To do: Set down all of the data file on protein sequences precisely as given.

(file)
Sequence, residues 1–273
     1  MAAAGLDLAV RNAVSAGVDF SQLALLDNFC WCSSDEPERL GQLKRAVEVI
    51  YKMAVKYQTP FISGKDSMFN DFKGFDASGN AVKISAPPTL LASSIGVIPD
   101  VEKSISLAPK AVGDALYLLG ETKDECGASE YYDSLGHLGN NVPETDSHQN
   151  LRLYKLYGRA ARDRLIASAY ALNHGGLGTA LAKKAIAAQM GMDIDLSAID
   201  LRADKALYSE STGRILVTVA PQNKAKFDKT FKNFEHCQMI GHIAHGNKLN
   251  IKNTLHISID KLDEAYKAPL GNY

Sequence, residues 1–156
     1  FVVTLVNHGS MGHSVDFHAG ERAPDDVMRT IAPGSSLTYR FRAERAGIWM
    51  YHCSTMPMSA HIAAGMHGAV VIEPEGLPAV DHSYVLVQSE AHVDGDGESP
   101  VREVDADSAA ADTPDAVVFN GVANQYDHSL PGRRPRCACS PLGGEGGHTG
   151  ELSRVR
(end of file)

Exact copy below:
Sequence, residues 1–273
     1  MAAAGLDLAV RNAVSAGVDF SQLALLDNFC WCSSDEPERL GQLKRAVEVI
    51  YKMAVKYQTP FISGKDSMFN DFKGFDASGN AVKISAPPTL LASSIGVIPD
   101  VEKSISLAPK AVGDALYLLG ETKDECGASE YYDSLGHLGN NVPETDSHQN
   151  LRLYKLYGRA ARDRLIASAY ALNHGGLGTA LAKKAIAAQM GMDIDLSAID
   201  LRADKALYSE STGRILVTVA PQNKAKFDKT FKNFEHCQMI GHIAHGNKLN
   251  IKNTLHISID KLDEAYKAPL GNY

Sequence, residues 1–156
     1  FVVTLVNHGS MGHSVDFHAG ERAPDDVMRT IAPGSSLTYR FRAERAGIWM
    51  YHCSTMPMSA HIAAGMHGAV VIEPEGLPAV DHSYVLVQSE AHVDGDGESP
   101  VREVDADSAA ADTPDAVVFN GVANQYDHSL PGRRPRCACS PLGGEGGHTG
   151  ELSRVR